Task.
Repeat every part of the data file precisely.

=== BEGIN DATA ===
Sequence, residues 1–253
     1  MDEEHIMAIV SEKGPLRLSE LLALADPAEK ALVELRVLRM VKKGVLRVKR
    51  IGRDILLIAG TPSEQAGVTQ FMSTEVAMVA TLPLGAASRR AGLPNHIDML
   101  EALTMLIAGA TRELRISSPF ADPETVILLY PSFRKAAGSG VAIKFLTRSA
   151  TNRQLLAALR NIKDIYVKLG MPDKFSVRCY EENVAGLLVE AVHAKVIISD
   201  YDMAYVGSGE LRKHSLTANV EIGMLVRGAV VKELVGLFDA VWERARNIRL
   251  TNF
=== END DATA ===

Sequence, residues 1–253
     1  MDEEHIMAIV SEKGPLRLSE LLALADPAEK ALVELRVLRM VKKGVLRVKR
    51  IGRDILLIAG TPSEQAGVTQ FMSTEVAMVA TLPLGAASRR AGLPNHIDML
   101  EALTMLIAGA TRELRISSPF ADPETVILLY PSFRKAAGSG VAIKFLTRSA
   151  TNRQLLAALR NIKDIYVKLG MPDKFSVRCY EENVAGLLVE AVHAKVIISD
   201  YDMAYVGSGE LRKHSLTANV EIGMLVRGAV VKELVGLFDA VWERARNIRL
   251  TNF